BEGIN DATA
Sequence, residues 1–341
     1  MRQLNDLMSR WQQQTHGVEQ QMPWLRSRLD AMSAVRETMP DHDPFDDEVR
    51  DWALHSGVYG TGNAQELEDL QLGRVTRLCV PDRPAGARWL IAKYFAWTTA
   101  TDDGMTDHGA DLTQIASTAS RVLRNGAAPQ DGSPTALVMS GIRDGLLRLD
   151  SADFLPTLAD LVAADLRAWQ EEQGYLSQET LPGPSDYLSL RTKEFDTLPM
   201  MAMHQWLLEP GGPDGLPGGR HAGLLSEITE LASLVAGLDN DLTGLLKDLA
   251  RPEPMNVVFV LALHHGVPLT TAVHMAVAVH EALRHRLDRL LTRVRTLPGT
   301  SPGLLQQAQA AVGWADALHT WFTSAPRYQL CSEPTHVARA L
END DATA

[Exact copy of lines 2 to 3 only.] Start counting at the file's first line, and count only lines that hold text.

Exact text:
     1  MRQLNDLMSR WQQQTHGVEQ QMPWLRSRLD AMSAVRETMP DHDPFDDEVR
    51  DWALHSGVYG TGNAQELEDL QLGRVTRLCV PDRPAGARWL IAKYFAWTTA